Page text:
Editorials, Encryption/Data Security, Security, SQL Server

Security Ignorance is Bliss – But Not in a Good Way

I’ve been poking around more and more about security, about best practices and about data protection.  I have spent a good deal of time watching the tried and true “Securing Your SQL Server” type sessions and trying to understand what is critical and what you can do about it.

Security expert Duncan McAlynn (LinkedIn) sent me over a great video that went into the nitty gritty of a couple of exploits.  How it’s done, but even more interestingly, how to prevent it.  Now, call me innocent (I’ll wait) but I was floored at the tools and techniques that are readily available, what types of things can be done and the different things you can easily do to prevent them from working.   But you need to do them.

Check out the video here

My hat’s off, too, to CQURE Academy – it’s a great example of two issues.

I’ve talked about security for quite some time in different mediums.  From writing about it, to presentations and such.

What struck me about the exploits is how very specific they are, how readily available the tools are, and how much access could be gained.

SO, my net suggestion – review those different points of protection.  Remember the different concentric rings of protection – from collection of information to data in transit to data at rest to retrieval and use.  It’s important not only to have the right protections running and in place, but also to understand how your hosting environment supports your security requirements.

This is something that has been a pretty significant learning curve for me personally – when we hosted our own systems, and even when we were in a pure co-location type of environment, I felt like I “owned” the security.  But now, with a cloud based infrastructure also in the mix and evolving access for reporting and such, things are instantly more complex.  Keeping access available, providing data protection and keeping some sort of control over data use adds all sorts of complexity to the process.

When you add in cloud infrastructure, or even applications as a service, or functions as a service or whatever level of cloud usage you decide to move forward with, you introduce some new challenges.  Credit card processors, reporting, analysis, multi-server usage for reporting and analysis, data query tools, PowerBI, Excel, all of it.  It also goes down to the location(s) you store information – be it online storage, local or a mix.  There are profiles to set up to control access, and you have to balance that with usability and protection of personally identifiable information.

All of this to say that, for me, it’s been this constant running back and forth up and down the proverbial wire to see what else can be considered or locked down.  There’s also “one more thing” you can do – and personally, I believe it’s critical to keep tuning and tightening and testing and learning and beating up on your infrastructure.  Make sure you know the implications of the solutions you provide.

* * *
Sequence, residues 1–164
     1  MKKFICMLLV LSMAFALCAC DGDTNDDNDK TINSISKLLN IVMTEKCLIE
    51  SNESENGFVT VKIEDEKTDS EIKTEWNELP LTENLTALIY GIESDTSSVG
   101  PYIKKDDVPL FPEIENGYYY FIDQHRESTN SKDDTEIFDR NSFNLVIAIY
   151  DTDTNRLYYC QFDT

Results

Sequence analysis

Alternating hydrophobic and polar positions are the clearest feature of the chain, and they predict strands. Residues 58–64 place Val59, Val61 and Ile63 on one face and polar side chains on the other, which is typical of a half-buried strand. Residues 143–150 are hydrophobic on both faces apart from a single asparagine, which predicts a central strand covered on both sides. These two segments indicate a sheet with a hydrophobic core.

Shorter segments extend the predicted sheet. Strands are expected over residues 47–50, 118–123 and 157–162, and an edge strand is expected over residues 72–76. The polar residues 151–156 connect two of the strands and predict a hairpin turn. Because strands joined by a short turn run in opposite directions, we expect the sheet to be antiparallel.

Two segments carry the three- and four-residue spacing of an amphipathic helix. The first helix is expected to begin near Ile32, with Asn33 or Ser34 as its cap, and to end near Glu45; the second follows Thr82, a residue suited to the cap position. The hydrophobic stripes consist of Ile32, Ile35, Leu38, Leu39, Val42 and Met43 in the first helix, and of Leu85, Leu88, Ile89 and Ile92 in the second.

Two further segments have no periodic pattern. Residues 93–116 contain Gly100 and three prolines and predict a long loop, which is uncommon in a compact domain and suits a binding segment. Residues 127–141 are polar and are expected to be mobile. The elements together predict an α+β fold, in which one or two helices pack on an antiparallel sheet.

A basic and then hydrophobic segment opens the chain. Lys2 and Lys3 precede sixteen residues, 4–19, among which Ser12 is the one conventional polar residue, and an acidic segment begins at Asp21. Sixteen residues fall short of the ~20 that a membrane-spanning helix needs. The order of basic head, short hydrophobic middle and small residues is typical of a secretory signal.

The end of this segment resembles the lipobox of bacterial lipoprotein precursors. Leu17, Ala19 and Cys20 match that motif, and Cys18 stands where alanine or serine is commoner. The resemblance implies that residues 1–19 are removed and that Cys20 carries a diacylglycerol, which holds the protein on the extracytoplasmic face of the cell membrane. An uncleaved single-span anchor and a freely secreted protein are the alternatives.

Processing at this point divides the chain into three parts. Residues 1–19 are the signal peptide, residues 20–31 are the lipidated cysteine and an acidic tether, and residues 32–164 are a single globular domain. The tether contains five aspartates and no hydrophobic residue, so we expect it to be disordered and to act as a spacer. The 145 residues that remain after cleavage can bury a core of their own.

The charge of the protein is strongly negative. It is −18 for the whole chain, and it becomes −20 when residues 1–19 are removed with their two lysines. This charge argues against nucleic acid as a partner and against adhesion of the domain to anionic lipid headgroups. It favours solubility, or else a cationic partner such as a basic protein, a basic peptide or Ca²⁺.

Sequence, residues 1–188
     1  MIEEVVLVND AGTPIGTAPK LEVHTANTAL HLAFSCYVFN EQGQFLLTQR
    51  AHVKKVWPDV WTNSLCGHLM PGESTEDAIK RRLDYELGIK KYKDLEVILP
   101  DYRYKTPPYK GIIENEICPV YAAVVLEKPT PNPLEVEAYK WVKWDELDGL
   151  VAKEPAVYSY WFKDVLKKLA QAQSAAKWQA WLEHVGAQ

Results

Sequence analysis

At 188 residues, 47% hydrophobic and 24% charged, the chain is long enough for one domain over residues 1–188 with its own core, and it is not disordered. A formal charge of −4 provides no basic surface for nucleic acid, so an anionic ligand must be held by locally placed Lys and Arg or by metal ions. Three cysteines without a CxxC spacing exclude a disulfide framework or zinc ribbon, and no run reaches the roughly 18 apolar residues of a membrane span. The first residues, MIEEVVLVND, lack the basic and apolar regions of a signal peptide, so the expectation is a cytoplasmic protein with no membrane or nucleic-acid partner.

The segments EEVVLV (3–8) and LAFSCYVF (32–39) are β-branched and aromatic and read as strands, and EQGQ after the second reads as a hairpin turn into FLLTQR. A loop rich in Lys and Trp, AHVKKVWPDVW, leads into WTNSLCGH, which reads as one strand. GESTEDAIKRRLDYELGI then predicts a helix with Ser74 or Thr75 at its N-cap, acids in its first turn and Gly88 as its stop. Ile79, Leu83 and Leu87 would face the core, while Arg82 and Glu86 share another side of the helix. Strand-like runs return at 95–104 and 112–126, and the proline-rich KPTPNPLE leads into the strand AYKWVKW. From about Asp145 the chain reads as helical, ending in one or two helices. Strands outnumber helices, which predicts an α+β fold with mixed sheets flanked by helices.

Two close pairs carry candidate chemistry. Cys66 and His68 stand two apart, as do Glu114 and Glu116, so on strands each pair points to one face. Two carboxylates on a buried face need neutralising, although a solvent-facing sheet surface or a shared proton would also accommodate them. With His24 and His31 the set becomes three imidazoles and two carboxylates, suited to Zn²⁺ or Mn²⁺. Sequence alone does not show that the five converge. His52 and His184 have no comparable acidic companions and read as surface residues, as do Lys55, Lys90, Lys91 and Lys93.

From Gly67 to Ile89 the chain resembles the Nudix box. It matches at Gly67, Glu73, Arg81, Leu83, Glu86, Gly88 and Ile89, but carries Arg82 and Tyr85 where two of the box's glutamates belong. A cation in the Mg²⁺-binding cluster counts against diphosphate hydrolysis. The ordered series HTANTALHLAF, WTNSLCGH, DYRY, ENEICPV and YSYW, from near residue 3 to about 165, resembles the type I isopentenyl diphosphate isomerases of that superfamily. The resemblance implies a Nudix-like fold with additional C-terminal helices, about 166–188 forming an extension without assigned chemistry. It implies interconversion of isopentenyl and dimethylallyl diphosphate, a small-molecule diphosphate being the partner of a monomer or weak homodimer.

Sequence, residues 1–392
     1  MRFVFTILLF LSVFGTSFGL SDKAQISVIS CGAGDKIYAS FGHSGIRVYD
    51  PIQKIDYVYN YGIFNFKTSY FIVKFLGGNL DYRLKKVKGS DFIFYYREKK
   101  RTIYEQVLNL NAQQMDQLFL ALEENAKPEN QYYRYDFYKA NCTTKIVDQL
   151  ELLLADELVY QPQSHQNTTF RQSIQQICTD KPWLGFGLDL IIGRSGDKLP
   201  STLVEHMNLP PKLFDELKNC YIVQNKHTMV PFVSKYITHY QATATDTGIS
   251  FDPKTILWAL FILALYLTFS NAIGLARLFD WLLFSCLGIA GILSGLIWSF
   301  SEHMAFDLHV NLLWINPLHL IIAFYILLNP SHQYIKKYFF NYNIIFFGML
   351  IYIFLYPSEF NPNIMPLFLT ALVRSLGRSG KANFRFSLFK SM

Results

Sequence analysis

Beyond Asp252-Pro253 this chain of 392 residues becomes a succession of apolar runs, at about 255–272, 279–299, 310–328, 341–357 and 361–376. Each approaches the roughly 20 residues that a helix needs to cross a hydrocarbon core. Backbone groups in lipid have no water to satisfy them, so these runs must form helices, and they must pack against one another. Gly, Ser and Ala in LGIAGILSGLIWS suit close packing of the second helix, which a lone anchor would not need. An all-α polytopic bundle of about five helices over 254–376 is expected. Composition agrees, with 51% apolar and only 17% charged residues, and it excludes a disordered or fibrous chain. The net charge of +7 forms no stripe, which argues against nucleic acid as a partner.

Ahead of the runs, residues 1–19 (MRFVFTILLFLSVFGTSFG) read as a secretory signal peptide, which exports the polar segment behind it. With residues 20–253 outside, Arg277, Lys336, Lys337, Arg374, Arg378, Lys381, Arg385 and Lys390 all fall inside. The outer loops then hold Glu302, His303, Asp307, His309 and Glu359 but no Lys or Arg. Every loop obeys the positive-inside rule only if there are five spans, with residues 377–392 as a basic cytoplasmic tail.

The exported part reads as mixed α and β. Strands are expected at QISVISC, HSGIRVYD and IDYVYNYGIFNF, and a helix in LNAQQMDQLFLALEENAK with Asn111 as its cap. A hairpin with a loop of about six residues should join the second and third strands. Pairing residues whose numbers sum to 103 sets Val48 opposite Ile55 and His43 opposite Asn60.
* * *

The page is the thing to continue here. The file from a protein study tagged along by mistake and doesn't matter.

And, when you think the little settings don’t matter so much, re-watch the video.

  • Mark Armstrong

    North Korea (with the help of Putin no doubt) hacked into the war plan of South Korea that includes decapitation strategies.

    Over 235 gigabytes of war plans stolen.

    Now those war plans are useless and Trump’s bellicose threats against the North about the “military option” are hollow.

    You can’t just develop 235 gigabytes of new military strategy.

    Our tech savvy and that of our allies is an international joke.

    We are being hacked at every level and the ramifications threaten the free world.

    Nothing bliss about that.

    • I think too many think it won’t happen to them. It’s so commonplace that people give it less credence. 3B accounts at Yahoo, 143M at Equifax, the list goes on and on. It desensitizes people to the point where security folks have a harder time getting attention and resources to do the work that is needed.

      In this case, “bliss” is so many that stick their head in the sand and assume it’ll be ok. It’s not. It’s one of the most challenging aspects of multi-vendor, multi-platform, big data and information use applications, no matter if you’re using the cloud or not, using specific apps or not. That sharing of information between tools, systems and environments, let alone just the daily use of applications and systems that use that information, does nothing to add security layers – it’s the opposite, opening up issues.

      • Mark Armstrong

        I agree

        I worked for a payment card processor for 10 years and just doing PCI compliance was a big deal.

        We had penetration tests performed by 3rd parties, etc. and I’m sure that no matter what we did that there were still vulnerabilities.

        Management would communicate to everyone in the company that security is the single most important thing to consider when building software.

        We had people respond that they thought software feature was the most important thing.

        It had to be beat into their head that no amount of features supercedes data security. We had to explain that if we were ever compromised that the damage to the company would be enormous.

        Banks trusted us with their customers data. Huge multi-national billion dollar companies.

        If anyone hacked our systems those banks would get destroyed by their customers and we would be out of business.

        Plain and simple

      • John Shadows

        Don’t forget the IRS hacks…
        I’ve notice massive resistance to change when you tell architects “hey, that method isn’t secure. You need to push the date back to fix this”

        Or my favorite: SOX compliance.
        Lots of requirements and constraints yet little to no penetration tests.

        Whole app runs as sysadmin and you never change it then you’re surprised when you get hacked?